One day Jeremiah was watching the prancing star of the park, a Fox Terrier by the name of Mack. Mack is cute as all hell, and you can’t help but love him. Love him, and hate him at the same time, like cyanide donuts, or  the digital spectre of Princess Diana (who is our only hope). Jeremiah watched as Mack jumped into his owner’s arms in a spontaneous outburst of affection, and he turned to me and said ‘There was a fella just like that one on my last ship. Boy that kid could dance, dance and sing and make a compass point north just by wailing at it. Never seen his like on the ocean before, and not since. Of course, he didn’t last long – not for long. Not for long.’

I couldn’t tell if he was laughing or crying. Jeremiah was covered in scars from the time he was swallowed by a whale. This made me feel comfortable with him, more at ease with my tinnitus, which was the beeping sound of a barcode scanner, echoing sonorously in the distance of my head.


During the Black Tuesday riots, when fear of Cyber-Bono spreading into our airlines meant that Duty Free would be shut down for good, people went mad trying to buy cheap booze and perfumes and electronic goods. Thousands died in a day. I’d watched in frozen horror as a woman tried to carry seventy three bottles of Johnny Walker Red Label, and her spine slowly bent backwards under the weight, until it snapped with the sound of a hard shoe stepping on a soft biscuit. My diet is now soups and mashes – anything without a crackle. I also have a strong aversion to people with prominent spines, but I feel like it’s something I’m working through.


I was reluctant to tell Dr Mont Blanc about Jeremiah and his troubling sea-stories. I don’t really socialise with anybody anymore and the subject of her rants is often concerned with ‘how much of a fucking annoying dick you are because you don’t make jokes or talk about relevant life experiences which relate to something that someone else is talking about, oh my god’. In order to combat this, she drove me to a party one night against my wishes. It was a seventies-style key party, and she yelled to the room ‘Just ignore this guy, he’s just here to watch’ and then told her husband to ‘dream a little bigger this time, don’t go for the obvious keys, fuck you’re making me look bad’. She was annoyed but understanding when someone snapped a cracker while going for an unrealistic amount of salsa. It sent me into immediate seizures and I knocked over the fondue pot.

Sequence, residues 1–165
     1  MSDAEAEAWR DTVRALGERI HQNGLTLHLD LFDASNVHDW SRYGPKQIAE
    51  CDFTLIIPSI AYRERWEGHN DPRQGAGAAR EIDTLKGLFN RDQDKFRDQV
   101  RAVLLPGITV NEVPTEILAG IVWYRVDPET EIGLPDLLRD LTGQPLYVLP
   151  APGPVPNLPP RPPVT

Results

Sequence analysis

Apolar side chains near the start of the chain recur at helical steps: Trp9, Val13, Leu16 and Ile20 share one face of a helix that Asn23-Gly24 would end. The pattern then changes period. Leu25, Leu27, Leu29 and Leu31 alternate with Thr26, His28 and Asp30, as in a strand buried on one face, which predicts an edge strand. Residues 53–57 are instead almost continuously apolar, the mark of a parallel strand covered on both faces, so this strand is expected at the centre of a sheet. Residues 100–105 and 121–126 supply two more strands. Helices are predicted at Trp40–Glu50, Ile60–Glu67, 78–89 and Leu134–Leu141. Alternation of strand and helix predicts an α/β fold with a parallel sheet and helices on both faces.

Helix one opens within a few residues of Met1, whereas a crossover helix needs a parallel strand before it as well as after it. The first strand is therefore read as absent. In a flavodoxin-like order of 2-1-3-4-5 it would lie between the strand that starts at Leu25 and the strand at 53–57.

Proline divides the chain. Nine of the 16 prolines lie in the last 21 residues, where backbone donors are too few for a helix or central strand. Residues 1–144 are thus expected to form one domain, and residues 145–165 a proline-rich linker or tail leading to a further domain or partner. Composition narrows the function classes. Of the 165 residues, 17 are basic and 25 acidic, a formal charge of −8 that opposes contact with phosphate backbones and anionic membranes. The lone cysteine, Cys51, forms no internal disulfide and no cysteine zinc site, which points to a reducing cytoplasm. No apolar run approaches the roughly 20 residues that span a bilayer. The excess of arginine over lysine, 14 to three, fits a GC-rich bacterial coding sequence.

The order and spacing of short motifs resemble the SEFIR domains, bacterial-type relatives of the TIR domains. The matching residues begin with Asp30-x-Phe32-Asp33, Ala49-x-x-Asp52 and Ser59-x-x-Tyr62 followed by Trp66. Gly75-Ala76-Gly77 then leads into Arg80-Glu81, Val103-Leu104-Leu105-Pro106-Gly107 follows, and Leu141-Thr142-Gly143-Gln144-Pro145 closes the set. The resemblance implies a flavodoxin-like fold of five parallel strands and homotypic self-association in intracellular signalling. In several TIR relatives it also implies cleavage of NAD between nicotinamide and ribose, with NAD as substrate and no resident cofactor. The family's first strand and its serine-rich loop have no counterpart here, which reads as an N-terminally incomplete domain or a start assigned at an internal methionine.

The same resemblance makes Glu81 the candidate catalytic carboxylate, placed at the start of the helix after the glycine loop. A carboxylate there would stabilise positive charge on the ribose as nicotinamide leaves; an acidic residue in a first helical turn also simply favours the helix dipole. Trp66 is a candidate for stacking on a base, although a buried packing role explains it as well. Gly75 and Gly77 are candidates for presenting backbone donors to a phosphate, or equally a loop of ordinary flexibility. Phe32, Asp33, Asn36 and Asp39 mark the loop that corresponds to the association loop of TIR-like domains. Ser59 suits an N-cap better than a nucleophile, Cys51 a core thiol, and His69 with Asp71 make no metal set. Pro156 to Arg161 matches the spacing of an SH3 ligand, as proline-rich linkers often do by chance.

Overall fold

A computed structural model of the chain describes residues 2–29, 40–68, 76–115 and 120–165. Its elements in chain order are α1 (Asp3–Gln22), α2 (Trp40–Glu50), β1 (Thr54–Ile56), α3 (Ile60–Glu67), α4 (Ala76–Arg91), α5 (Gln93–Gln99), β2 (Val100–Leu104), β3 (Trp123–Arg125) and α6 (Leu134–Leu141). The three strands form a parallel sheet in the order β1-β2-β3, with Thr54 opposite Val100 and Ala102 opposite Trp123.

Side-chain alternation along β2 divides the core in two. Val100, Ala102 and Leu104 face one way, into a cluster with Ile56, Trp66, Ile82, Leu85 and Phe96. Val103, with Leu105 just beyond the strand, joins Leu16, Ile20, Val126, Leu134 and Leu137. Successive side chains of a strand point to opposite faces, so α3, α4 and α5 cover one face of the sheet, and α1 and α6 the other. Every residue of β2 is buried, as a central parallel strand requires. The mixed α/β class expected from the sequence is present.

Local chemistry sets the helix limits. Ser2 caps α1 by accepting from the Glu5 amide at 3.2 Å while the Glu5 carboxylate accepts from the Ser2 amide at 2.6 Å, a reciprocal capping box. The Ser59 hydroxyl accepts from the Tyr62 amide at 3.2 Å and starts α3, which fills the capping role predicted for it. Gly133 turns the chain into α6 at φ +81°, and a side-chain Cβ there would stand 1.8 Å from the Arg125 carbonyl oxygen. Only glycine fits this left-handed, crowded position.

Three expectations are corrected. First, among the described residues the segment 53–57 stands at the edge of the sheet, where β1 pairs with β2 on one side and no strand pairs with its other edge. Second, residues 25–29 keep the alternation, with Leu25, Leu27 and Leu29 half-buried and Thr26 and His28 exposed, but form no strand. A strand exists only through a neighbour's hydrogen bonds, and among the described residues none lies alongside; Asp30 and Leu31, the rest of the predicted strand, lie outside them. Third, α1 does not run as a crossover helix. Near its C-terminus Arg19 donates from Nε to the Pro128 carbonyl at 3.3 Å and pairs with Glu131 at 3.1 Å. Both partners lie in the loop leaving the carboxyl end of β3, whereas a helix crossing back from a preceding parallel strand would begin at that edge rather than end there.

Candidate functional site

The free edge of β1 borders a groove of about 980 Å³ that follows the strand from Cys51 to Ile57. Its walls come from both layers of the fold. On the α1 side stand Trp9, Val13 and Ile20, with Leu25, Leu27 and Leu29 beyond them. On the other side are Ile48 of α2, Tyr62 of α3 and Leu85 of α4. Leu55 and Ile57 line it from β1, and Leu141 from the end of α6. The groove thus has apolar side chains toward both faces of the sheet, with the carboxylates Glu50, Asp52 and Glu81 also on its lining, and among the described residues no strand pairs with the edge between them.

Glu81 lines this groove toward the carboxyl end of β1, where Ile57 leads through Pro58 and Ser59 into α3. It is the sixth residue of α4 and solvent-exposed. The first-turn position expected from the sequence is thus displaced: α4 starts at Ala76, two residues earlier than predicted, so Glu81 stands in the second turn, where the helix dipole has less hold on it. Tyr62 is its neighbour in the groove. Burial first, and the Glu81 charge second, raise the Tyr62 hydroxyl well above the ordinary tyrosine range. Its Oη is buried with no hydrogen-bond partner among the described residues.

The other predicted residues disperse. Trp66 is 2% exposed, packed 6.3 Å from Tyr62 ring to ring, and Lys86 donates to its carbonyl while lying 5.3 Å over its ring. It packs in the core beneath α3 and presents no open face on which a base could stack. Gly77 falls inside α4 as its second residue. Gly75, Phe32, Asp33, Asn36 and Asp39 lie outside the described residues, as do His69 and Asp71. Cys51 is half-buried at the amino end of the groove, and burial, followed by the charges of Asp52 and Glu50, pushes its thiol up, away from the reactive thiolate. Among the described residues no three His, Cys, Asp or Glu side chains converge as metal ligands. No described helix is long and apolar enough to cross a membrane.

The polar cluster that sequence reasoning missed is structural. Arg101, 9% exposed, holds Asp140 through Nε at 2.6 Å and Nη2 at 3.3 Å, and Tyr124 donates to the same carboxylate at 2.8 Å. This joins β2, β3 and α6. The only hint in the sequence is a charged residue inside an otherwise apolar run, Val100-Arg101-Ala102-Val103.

‘I should have realised this dump would have crackers,’ she snarled.


One day, at the park a woman with two blinding white Malamuts wished me a good morning. I ignored her spine, the flimsy bone-hose that kept her politely smiling face wobbling on top of her feet. I wished her a good morning back. After a few moments of silence, she tentatively touched my arm, which had been shattered in two places by huge bulk bottles of Ralph Lauren perfume.

‘I just wanted to say thank you for what you did on Black Tuesday, you’re a hero.’ I shook my head, not because I’m modest but because while all this was happening, while fathers knifed their own children for nougat, while mothers called lightning from the sky for more shopping trolleys, all I did was stay at my register, scanning blindly. The real heroes were on computer terminals, listening to U2 songs until their ears bled, trying to find a way to halt the inevitable flood of Bono.

‘Do you think our Unholy Princess Diana will bring back the Duty Free?’ asked the woman hopefully.

‘Yes’ I whispered, blinking back tears. Prue vomited at my feet, and the other dogs piled in, ruthless and desperate and happy.